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Discussion Starter #1
So I had a very bad experience with the k1600 forum. Going to try to be very clear, not trying to come off any type of way I honestly just want help. No judgements, no heckling, no 100 different people's reasons why not to do what.
So the frame was checked before buying, everything is OK there. The mechanicals of everything besides a leaking brake line is fine. It's all purely cosmetics. My hope is to restore off of buying or taking unwanted extra parts people have. I have PayPal so I can buy things if people can do shipping.
The 2013 k1600 GTL was bought from someone who didn't have insurance when they wrecked. I bought it for $1800.00.
I'm literally stressing because of how the last forum was, please no heckling, just positive reinforcement and if not please don't reply. Not trying to be offensive.
Pictures of plugs because I'm not sure what they go to. If anyone even has a damaged headlight cheap I'd buy it. More pictures in the reply as the max is 10
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Wrencher Extraordinaire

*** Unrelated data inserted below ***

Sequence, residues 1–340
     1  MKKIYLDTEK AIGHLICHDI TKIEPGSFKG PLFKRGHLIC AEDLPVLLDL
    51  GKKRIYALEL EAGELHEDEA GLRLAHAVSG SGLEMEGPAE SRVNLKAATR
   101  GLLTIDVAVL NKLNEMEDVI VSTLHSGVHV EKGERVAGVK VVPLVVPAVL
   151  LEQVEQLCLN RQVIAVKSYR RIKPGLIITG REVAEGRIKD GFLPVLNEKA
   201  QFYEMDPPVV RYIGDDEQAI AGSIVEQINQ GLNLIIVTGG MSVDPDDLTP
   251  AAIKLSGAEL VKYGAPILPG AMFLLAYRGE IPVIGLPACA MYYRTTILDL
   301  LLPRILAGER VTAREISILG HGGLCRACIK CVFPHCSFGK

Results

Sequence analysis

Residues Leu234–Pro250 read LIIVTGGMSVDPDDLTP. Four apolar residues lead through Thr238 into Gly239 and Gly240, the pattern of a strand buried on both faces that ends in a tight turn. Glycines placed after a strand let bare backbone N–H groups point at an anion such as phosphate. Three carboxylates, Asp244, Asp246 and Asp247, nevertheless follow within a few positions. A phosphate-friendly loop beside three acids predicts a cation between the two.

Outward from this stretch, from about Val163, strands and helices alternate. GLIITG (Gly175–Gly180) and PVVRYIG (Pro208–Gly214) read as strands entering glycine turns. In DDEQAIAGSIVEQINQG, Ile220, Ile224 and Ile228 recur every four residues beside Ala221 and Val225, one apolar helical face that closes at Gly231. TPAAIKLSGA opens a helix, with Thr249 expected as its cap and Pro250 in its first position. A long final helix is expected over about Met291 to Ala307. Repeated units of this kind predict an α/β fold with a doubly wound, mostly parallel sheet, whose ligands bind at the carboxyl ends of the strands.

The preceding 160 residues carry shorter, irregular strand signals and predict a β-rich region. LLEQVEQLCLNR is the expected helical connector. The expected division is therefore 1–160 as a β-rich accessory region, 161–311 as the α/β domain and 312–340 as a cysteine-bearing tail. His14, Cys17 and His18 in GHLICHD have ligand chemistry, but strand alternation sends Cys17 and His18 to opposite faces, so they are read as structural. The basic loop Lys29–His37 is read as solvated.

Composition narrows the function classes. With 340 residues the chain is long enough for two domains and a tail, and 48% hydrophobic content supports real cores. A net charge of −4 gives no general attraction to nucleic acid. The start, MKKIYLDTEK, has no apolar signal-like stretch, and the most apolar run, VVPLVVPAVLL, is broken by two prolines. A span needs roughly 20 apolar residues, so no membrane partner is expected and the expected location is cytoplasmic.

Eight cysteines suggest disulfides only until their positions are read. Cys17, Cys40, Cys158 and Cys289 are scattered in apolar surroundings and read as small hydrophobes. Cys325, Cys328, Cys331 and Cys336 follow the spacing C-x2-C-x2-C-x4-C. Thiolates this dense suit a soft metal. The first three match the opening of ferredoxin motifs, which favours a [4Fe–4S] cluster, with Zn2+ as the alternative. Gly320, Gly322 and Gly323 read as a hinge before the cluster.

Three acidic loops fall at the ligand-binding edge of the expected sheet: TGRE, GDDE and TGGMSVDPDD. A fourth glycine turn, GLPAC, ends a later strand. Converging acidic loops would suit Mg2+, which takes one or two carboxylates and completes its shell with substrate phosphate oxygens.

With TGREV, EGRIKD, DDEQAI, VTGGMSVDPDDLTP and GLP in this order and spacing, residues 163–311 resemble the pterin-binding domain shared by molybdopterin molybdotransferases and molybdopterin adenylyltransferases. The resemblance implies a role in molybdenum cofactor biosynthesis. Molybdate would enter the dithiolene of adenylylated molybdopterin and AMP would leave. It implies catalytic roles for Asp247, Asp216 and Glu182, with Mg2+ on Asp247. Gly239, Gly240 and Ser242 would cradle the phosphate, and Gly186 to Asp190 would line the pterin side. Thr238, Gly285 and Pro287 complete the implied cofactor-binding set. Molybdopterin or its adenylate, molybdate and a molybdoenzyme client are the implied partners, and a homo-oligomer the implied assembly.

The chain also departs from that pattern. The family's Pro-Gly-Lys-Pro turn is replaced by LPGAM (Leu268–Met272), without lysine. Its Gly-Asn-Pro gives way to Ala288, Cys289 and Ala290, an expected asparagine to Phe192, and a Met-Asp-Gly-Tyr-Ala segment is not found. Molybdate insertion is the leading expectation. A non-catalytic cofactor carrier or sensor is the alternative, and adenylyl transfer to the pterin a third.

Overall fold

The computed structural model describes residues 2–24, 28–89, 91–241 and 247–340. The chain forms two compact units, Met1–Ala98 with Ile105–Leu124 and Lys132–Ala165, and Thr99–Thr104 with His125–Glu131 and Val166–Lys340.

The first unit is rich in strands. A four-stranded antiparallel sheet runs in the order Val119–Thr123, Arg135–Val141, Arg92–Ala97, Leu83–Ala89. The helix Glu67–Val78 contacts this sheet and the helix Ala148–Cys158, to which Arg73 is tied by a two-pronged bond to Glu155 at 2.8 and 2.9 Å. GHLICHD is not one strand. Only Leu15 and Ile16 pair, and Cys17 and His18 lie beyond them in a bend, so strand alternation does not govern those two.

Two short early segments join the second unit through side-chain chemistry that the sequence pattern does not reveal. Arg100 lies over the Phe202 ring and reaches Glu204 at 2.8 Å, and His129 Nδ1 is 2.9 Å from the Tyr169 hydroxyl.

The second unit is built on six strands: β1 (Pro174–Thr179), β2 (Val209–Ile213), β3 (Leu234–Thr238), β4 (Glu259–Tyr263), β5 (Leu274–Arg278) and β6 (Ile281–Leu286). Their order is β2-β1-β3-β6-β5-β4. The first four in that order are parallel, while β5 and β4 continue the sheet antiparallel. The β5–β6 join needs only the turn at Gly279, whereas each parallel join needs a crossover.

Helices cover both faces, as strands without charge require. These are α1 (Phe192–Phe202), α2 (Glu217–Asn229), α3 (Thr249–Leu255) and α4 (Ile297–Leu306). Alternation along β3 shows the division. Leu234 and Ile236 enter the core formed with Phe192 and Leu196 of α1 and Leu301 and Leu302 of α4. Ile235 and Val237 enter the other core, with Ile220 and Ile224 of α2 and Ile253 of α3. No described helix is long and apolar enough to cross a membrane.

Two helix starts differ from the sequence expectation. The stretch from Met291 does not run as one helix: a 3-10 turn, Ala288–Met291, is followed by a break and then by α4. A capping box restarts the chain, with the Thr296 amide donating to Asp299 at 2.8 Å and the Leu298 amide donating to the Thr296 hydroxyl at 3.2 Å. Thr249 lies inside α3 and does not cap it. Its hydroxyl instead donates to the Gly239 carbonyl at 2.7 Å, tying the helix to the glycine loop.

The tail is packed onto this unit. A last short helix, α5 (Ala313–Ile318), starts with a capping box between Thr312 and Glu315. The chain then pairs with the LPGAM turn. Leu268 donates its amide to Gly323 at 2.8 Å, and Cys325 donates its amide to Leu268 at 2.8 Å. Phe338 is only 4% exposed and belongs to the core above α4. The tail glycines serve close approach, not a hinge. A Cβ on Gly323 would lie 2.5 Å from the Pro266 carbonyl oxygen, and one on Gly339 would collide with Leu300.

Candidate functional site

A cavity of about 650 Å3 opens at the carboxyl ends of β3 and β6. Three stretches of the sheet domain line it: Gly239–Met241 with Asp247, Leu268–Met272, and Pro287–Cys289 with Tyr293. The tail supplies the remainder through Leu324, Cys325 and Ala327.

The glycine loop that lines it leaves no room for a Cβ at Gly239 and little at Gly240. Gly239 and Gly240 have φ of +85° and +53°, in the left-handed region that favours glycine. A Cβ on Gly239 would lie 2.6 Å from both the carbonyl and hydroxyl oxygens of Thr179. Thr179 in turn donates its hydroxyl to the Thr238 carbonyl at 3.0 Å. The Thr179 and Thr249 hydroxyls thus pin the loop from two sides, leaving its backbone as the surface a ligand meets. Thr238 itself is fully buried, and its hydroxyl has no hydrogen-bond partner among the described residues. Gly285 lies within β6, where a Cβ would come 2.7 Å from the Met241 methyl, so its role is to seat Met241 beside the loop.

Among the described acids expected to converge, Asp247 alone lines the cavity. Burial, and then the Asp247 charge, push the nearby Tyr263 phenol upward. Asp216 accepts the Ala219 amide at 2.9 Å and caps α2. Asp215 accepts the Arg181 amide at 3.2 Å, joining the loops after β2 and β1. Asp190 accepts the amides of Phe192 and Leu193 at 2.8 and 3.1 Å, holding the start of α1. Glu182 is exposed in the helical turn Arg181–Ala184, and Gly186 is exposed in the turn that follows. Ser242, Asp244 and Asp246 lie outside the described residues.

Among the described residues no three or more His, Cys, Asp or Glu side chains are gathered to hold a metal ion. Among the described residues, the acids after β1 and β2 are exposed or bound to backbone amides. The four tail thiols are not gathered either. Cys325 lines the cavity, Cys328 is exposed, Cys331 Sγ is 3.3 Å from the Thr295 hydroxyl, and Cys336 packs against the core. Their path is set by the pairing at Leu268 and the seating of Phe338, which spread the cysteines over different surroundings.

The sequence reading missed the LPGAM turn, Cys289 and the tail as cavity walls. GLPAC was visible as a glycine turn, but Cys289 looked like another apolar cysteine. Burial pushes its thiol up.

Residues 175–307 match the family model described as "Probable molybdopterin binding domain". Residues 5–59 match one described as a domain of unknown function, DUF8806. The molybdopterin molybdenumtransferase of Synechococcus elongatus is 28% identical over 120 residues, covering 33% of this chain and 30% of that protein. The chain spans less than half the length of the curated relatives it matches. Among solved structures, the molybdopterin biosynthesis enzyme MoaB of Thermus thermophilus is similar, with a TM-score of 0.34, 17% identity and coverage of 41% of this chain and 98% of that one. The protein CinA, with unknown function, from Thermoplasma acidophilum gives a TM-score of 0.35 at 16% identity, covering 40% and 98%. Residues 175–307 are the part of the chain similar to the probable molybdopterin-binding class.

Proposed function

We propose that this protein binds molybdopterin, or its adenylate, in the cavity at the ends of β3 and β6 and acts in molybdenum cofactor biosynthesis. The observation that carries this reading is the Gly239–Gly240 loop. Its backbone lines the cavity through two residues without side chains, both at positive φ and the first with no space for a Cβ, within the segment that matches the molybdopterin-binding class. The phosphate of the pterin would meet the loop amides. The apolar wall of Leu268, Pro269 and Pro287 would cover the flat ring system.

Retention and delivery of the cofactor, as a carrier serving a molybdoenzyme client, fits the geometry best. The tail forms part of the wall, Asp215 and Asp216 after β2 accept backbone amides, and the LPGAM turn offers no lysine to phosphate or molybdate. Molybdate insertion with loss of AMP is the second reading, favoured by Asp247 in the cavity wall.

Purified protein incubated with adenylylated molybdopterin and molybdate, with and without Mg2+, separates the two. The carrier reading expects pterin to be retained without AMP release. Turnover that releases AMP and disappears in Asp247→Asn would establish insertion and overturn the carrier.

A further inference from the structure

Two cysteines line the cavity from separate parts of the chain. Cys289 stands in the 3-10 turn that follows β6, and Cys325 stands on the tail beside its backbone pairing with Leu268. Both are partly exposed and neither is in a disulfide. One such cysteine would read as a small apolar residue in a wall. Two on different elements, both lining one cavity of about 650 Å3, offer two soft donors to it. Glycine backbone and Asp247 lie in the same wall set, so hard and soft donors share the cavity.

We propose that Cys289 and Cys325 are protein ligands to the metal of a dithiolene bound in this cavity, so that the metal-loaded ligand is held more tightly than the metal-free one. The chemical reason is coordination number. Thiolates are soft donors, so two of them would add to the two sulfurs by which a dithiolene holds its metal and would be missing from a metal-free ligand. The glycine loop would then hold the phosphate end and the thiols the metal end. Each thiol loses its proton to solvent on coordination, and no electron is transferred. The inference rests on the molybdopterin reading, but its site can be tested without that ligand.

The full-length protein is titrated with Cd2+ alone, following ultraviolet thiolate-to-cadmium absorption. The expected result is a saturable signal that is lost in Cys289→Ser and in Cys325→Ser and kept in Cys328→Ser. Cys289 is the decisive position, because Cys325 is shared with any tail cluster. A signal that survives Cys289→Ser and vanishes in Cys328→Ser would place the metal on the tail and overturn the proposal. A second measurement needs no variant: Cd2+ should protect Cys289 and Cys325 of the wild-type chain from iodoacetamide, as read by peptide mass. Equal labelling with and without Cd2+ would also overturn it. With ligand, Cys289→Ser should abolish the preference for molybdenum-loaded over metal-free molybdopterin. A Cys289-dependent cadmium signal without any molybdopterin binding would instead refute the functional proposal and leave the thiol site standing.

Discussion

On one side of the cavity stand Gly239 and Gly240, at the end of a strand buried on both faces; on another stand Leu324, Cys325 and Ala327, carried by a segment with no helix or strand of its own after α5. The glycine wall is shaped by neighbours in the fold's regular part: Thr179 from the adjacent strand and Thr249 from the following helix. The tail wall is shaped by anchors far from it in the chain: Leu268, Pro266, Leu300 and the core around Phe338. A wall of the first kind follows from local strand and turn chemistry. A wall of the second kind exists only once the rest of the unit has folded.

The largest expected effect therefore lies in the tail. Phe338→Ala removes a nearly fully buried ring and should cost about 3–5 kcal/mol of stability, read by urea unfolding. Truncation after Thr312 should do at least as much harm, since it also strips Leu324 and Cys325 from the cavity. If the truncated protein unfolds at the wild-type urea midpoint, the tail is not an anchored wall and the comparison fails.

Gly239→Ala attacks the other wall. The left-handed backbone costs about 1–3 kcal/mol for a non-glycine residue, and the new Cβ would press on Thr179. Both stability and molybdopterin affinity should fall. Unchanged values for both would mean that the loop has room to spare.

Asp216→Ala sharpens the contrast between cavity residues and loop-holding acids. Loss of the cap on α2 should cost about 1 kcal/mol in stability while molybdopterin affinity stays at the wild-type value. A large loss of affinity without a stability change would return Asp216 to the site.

2005 K1200LT
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13,911 Posts
I don't know what you are expecting here as that thing is so pretty rough by a conservative estimate. Most of the things that plug into the large connectors are body control computers and they are not cheap. At this point the only way I can see you being successful is to find a donor bike with a blown engine. Sorry but that is just my assessment of the situation.
 
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IBR# 366
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16,544 Posts
I've put well over 100K miles on two GTLs, I've rebuilt several modern BMWs from salvage to 100% functional, and I've torn Beemers down to the frames and rebuilt motors to get them into proper riding shape.

There's no way I'd try to rebuild that particular GTL.

The front end damage is way too severe, and the amount of parts you need to replace is enormous and cost prohibitive.

With my experience I could do all that work myself, if I had the time or inclination. But I'd still estimate spending 5-6,000 or more on parts alone. And that's if you get lucky and find all the parts you need. These big bikes are fairly rare, with front end damage the most common type so those parts are even harder to find.